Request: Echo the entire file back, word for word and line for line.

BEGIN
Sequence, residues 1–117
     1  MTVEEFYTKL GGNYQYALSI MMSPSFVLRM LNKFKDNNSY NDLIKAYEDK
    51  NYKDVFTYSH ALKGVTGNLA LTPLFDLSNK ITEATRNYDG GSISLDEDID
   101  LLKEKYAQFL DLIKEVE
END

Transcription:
Sequence, residues 1–117
     1  MTVEEFYTKL GGNYQYALSI MMSPSFVLRM LNKFKDNNSY NDLIKAYEDK
    51  NYKDVFTYSH ALKGVTGNLA LTPLFDLSNK ITEATRNYDG GSISLDEDID
   101  LLKEKYAQFL DLIKEVE